Following Henry VIII's Dissolution of the Monasteries, many of the abbeys became convenient quarries for local building projects. Waverley Abbey was no exception, and much of the stone used to create Sir William More's house at Loseley in the 1560s came from this rich source. His father had purchased the estate in 1508, continuing to live in the medieval house already present until his death in 1549, but Sir William planned a grand new home fit for entertaining royalty. Built from the mellowed monastic stone, and other local materials, Loseley Park was a substantial house, comfortably fitted out, that adequately symbolised the status of a Queen's most trusted adviser.
Nearly 500 years later and Loseley Park is still the ancestral home of the More family. A fine Elizabethan mansion, little changed structurally from the time it was built, the house contains many interesting artefacts collected through the different generations who have made it their home. From Sir William's time, his impressive wood-panelled library with an elaborately carved overmantel bearing the arms and initials of Elizabeth I in honour of her many visits to Loseley Park. Another frequent royal visitor was King James I, who gifted a painting of himself and Queen Anne to commemorate the visits. In 1932 Queen Mary visited Mrs Gwendoline More-Molyneux and her husband at Loseley.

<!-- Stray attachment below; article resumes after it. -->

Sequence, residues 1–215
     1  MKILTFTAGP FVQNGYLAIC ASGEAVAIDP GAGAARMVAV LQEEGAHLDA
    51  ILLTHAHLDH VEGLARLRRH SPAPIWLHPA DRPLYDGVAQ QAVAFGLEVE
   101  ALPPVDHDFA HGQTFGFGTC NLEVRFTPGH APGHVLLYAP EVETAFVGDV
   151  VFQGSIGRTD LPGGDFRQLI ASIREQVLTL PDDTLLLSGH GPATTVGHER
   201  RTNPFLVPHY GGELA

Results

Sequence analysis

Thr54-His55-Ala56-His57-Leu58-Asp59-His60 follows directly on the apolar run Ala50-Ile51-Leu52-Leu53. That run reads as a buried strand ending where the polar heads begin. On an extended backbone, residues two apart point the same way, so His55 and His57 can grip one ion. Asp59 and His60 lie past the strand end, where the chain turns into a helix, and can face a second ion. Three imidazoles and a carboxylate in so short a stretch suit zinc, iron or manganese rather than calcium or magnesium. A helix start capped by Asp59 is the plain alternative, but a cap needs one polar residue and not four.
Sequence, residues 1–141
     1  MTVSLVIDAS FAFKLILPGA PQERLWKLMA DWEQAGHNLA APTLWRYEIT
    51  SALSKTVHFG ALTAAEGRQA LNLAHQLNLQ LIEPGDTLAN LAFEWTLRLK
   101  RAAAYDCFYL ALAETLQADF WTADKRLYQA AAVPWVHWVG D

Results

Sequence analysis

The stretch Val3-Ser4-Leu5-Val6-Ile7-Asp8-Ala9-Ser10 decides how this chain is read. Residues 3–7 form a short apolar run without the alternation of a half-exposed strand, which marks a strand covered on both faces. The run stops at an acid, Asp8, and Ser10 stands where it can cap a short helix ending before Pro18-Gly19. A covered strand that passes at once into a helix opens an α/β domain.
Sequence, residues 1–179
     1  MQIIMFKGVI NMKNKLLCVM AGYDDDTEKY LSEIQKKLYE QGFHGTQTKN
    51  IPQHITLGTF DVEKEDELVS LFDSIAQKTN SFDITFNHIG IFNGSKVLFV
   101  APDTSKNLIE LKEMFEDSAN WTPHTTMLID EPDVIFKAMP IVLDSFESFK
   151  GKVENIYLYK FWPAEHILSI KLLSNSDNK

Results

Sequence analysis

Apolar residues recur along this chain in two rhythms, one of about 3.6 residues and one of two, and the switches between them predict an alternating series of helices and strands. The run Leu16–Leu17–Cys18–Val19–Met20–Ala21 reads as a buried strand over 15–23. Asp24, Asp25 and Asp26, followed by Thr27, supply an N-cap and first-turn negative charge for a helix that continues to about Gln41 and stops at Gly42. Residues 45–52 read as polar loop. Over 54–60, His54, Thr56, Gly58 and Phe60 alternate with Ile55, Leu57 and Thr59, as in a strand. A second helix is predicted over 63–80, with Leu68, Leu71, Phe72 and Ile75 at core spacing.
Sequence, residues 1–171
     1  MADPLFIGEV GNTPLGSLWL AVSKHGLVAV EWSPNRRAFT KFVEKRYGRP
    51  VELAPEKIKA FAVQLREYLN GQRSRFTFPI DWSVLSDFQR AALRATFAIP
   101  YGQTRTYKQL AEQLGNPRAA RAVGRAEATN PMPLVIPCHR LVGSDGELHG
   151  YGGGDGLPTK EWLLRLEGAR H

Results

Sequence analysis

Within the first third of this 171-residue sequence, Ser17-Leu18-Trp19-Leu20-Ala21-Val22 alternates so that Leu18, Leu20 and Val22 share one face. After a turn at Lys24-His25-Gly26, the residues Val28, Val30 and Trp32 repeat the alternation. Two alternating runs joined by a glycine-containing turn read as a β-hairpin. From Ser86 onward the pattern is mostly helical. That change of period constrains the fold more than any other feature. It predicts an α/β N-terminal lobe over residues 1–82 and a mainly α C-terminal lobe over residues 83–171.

At the beginning of the 17th century an additional wing was added to the house, providing a chapel, a long picture gallery, and an indoor riding school, but this was subsequently demolished in 1820 having fallen into a poor state of repair. In 1877 William More-Molyneux extended the south side of the house with a Nursery wing, despite the fact that he never married. Perhaps the most fascinating room at Loseley Park on public display is the Drawing Room, with rich oak-panelling, a gilded ceiling and frieze, and a magnificently carved chalk chimneypiece.
Today the estate covers some 1400 acres, and much of it is given over to agricultural use, which forms the basis of a thriving family business. Although the delicious Loseley Jersey Ice Cream is no longer made here, the famous Jersey Herd, established in 1916, is still very much a part of life on the Estate and is now one of the largest Jersey herds in the UK.
The grounds and gardens are one of Loseley Park's major attractions. The two and a half acre walled garden has been redeveloped and restored over the past few years to include an award-winning rose garden, a herb garden, fruit and flower garden, fountain garden and, most recently,t he addition is an organic vegetable garden.